by WorldTribune Staff, December 6, 2017
Hackers have taken a North Carolina county’s computer files hostage and are asking for a ransom of 2 bitcoins, officials said.
Mecklenburg County Manager Dena Diorio said on Dec. 5 that the hacker or hackers have essentially frozen the county’s electronic files and gave officials until 1 p.m. EST on Dec. 6 to pay the 2 bitcoins.
Over the past month, bitcoin has soared in value, going from several thousand dollars in early November to more than $12,000 today.
Diorio told WSOC-TV the county is considering paying the ransom, but worries about what could happen afterwards.
“There’s a risk you don’t get the decryption key and don’t get your files back,” Diorio said. “There’s also the chance if they think you’ll pay, they may try to get you to come back again.”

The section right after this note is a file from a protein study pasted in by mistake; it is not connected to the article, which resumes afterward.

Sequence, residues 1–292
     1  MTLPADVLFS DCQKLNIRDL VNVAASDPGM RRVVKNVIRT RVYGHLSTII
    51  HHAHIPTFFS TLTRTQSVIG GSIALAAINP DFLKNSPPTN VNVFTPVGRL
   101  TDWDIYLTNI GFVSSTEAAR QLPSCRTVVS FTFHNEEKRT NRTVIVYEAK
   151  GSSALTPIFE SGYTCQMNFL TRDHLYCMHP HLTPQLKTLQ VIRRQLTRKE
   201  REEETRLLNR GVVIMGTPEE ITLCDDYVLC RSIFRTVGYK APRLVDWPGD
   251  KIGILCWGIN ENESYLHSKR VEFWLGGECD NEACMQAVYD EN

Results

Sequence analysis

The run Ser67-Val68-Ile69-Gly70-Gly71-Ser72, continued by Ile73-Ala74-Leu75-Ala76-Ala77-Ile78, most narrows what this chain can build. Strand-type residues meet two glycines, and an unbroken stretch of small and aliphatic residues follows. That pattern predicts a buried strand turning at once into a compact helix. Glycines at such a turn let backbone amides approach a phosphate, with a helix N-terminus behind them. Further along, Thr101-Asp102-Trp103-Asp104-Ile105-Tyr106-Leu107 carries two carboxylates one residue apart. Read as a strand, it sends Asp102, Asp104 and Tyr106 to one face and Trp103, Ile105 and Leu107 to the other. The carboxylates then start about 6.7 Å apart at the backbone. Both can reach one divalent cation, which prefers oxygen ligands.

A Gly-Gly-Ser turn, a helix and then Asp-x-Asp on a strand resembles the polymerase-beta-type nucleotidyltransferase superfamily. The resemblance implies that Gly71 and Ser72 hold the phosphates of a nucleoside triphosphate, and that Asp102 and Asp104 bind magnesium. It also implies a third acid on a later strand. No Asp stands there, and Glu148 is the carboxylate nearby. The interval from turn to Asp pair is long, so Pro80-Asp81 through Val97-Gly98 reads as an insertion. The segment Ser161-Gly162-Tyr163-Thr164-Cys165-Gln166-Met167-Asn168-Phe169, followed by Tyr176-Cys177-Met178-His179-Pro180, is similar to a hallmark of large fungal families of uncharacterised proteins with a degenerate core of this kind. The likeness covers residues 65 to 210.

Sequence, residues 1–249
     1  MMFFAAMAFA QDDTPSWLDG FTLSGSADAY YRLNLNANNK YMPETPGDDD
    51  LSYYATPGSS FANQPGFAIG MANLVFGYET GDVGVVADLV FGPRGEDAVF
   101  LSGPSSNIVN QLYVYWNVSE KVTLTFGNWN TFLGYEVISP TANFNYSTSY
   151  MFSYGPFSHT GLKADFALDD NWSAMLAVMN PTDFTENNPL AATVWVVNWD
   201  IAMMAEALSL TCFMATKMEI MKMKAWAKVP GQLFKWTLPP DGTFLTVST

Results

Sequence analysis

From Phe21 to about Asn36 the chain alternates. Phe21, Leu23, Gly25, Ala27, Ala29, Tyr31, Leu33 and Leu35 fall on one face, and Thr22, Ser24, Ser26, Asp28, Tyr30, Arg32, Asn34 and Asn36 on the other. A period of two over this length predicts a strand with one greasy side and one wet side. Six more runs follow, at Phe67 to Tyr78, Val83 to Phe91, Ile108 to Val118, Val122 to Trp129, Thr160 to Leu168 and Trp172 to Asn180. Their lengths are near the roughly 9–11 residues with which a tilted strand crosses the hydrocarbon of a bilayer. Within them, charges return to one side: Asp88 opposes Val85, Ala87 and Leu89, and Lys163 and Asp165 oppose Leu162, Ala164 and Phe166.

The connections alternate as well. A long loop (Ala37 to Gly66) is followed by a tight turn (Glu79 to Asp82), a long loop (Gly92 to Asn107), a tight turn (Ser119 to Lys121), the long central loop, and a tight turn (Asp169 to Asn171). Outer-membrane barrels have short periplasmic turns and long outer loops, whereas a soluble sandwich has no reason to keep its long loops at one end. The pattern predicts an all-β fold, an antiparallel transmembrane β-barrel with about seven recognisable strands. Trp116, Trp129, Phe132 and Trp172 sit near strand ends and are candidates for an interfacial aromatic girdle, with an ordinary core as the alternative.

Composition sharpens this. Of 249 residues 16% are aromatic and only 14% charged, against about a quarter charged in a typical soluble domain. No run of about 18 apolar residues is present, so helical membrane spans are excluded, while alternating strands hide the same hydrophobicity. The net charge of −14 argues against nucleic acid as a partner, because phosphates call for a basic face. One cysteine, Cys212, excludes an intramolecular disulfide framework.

Diorio said other victims of similar hack attacks decided to pay because the ransom is cheaper than resolving the issue on their own.
Diorio told the Charlotte Observer that she doesn’t think Mecklenburg was targeted, but just another random hacking victim.
“I don’t think we were at fault. There have been many, many institutions that have been breached. I think we do everything we can to keep our firewall secure,” she said.
Mecklenburg County isn’t the only local government system hacked for a bitcoin ransom lately.
Last month, hackers targeted the Sacramento, California transit system and held millions of files ransom for 1 bitcoin, which was worth approximately $8,000 at the time.